Throwback Thursday: Star-gazer (Age 15, 2002)

I thought this would go well with this week’s post about the Milky Way (Finding Mystery)! It was written during that time in my life when I was constantly stealing away to my parents’ back yard to lie enraptured under the stars. Enjoy!   Star-gazer Ashley Katherine Denning August 21, 2002 A Psalm Night falls, And my dreams awaken As each star appears And forms the detail of my thoughts. You come And meet me here While the quiet of the earth Surrounds me like harmony. There’s nothing between us but the sky. But what a veil With which You cover Your glory! Is this merely a taste? How can I lie beneath The splendor of the Heavens, And then realize I’ve only reached The threshold of Your majesty? But it’s a good start. I’ll hold my breath and wait for You to breathe. I’ll close my eyes and imagine what can be. I’ll open my heart and let You fill me once more, O Lover of my soul! Can we meet... read more

Finding Mystery

Last week, I wrote that this Road Trip Moon was putting me at the edge of my comfort zone. We have been on the road for 2 weeks and 2 days, and now I can say that brushing my teeth in a Walmart bathroom isn’t as uncomfortable as it seemed at first – especially now that I know how many traveling families stay in Walmart parking lots when they’re en route to their next destination. And sleeping in the Runner has actually been quite cozy! The other night I acquired a large teddy bear (Harold) that serves as a multi-use pillow and happiness generator.   Those blurry comfort-zone lines are still present, however. They just exist in my mind. Every now and then, we’ll be driving through expansive landscapes such as the ones in Montana – amber waves of grain, big sky capping it all like a deep bowl – and my brain will kick into productive planner mode. I’ve got to continue my job hunt! says my brain. I reach for my phone to look at my job-hunting apps, and… there’s no signal. So I’m forced to rest. I’m luckily forced to let it all go for a few more weeks and be open and empty, ready to be filled with the goodness of this great earth. You see, when you head out to places where cell phone signal can’t reach, you end up stumbling upon mystery. It happened one night as we were driving west through South Dakota. The stars were bright jewels beckoning, so we opened the sun roof to enjoy them rushing past. The Bear said, “Let... read more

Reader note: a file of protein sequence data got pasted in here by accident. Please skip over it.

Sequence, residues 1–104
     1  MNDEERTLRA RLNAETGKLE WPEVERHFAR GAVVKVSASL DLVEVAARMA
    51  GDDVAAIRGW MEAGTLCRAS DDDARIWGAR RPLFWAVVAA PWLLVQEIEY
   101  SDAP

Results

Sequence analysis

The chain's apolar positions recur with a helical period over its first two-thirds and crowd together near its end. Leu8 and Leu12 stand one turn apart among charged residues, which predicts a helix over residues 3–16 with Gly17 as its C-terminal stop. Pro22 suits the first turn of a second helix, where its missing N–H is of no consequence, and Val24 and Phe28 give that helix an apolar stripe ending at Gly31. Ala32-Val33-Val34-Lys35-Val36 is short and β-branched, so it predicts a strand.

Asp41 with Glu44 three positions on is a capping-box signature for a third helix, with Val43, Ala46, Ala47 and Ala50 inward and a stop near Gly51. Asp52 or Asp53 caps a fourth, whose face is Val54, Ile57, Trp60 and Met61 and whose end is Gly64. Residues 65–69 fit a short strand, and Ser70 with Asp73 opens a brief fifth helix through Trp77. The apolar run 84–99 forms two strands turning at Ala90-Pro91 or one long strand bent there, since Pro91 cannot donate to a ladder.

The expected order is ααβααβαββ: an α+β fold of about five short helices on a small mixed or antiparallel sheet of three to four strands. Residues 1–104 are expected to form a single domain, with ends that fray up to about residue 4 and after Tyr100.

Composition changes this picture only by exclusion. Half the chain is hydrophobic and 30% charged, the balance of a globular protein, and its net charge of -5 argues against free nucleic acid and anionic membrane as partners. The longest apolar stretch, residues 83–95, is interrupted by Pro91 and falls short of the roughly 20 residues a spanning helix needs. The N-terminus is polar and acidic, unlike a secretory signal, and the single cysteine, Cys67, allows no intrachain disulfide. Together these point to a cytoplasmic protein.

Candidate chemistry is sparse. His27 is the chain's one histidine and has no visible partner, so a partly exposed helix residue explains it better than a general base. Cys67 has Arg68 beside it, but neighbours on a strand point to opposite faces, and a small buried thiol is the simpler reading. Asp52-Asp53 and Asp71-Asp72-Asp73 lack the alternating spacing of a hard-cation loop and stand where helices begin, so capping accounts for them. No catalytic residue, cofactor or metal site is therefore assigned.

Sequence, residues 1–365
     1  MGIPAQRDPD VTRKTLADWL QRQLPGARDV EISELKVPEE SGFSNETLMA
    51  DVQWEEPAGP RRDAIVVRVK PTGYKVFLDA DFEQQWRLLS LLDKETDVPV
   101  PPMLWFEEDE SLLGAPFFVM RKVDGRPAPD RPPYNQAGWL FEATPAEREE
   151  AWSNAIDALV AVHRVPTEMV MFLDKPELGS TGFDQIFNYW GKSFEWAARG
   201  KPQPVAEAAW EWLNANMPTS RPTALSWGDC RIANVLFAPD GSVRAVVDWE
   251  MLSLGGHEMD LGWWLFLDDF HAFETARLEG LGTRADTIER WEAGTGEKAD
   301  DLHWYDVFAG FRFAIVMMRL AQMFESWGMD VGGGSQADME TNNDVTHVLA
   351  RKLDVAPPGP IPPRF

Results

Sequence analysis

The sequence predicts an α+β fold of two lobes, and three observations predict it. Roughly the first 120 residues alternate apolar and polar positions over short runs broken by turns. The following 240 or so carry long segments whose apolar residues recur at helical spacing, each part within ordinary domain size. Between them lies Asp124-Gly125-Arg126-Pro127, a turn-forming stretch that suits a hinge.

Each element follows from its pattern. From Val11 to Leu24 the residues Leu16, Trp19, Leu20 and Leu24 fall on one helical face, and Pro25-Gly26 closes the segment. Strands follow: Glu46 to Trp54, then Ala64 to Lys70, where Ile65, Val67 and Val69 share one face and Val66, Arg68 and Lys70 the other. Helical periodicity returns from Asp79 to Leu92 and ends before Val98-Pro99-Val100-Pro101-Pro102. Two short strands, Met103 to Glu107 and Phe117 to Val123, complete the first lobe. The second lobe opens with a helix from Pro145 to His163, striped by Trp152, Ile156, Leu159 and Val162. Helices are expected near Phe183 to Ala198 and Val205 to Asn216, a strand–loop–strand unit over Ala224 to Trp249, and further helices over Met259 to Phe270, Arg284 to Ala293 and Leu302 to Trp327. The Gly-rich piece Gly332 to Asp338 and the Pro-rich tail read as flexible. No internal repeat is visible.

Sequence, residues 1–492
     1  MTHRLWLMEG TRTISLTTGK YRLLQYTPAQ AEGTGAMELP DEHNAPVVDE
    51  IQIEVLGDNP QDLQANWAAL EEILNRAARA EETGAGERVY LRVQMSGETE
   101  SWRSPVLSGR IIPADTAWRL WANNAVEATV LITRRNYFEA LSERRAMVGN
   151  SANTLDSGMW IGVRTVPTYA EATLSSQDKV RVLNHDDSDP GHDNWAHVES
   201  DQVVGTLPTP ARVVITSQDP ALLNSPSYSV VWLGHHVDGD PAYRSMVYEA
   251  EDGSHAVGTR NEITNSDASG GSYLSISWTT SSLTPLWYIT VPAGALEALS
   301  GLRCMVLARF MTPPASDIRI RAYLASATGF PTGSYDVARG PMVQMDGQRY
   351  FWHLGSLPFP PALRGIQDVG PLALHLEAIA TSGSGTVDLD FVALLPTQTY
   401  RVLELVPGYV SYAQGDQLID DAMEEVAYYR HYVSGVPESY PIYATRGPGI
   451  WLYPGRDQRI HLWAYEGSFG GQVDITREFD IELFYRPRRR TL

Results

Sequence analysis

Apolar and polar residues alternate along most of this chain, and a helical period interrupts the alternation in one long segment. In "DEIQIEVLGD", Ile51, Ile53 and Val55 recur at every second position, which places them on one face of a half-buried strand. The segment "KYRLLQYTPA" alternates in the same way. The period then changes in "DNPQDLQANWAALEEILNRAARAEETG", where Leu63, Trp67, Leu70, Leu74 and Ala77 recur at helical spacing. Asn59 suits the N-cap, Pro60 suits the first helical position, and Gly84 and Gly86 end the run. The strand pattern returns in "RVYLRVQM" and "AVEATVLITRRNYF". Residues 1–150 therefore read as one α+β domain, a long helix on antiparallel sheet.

This road trip is wonderfully unsettling. It is every bit at the edge of my comfort zone as I expected, and I wouldn’t have it any other way. The stretching is causing me to open myself up to… be more unsettled. Unsettled is the perfect word because the growing of roots has been suspended. Flight is all I know. Somehow it breaks open my mind and makes me want to write to the unconventional rhythms spilling out. Therefore, I would like to offer a succession of thoughts that have strung themselves together in my mind: Photograph: My life feels like this broken-down lumber train. It’s been cleared of most of the things that filled it to the brim. But now it’s not weighed down by the business of life, and it lets the light through. It’s ready for a new destination, but not yet. For now, it will just be. Gentle wind and golden light are its delightful company. Song Lyrics: “In Exile” by Thrice I am an exile – a sojourner; A citizen of some other place. All I’ve seen is just a glimmer in a shadowy mirror, But I know one day I’ll see face to face. I am a nomad – a wanderer; I have nowhere to lay my head down. There’s no point in putting roots too deep when I’m moving on. I’m not settling for this unsettling town. My heart is filled with songs of forever – Of a city that endures, where all is made new.   Verses of Old: Genesis 35:1-3 – “God said to Jacob, ‘Arise, go up to Bethel and... read more